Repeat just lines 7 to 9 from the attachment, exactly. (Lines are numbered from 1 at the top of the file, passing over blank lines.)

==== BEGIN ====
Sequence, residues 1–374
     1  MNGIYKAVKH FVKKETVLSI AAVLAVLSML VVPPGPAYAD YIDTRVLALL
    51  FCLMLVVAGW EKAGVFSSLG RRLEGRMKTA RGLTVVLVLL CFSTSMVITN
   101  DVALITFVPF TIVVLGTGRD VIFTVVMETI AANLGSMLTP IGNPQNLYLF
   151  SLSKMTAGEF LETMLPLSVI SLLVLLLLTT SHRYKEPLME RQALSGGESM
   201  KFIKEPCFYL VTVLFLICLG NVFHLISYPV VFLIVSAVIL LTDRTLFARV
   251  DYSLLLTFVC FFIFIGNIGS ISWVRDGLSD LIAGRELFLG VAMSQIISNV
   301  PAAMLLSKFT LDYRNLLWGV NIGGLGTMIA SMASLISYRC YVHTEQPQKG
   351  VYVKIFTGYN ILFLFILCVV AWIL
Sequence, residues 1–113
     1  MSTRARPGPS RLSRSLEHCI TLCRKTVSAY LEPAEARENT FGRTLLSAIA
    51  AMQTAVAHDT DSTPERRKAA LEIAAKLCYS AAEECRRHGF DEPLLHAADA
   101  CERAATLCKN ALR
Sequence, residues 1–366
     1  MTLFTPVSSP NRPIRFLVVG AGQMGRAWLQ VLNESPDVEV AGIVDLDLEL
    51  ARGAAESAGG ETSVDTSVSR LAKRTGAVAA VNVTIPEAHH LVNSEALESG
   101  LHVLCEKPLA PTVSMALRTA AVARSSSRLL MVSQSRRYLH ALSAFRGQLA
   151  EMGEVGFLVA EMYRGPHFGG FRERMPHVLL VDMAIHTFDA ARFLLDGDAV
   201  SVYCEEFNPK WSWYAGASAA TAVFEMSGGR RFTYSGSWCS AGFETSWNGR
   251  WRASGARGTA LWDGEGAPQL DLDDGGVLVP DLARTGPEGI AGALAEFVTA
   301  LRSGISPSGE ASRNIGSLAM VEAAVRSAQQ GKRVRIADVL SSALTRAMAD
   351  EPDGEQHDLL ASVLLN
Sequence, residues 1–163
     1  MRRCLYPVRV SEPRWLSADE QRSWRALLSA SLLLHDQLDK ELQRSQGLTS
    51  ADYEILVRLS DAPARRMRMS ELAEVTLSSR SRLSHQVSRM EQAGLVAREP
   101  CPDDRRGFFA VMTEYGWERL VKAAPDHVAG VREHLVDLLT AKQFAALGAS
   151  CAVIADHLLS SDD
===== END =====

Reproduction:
   251  DYSLLLTFVC FFIFIGNIGS ISWVRDGLSD LIAGRELFLG VAMSQIISNV
   301  PAAMLLSKFT LDYRNLLWGV NIGGLGTMIA SMASLISYRC YVHTEQPQKG
   351  VYVKIFTGYN ILFLFILCVV AWIL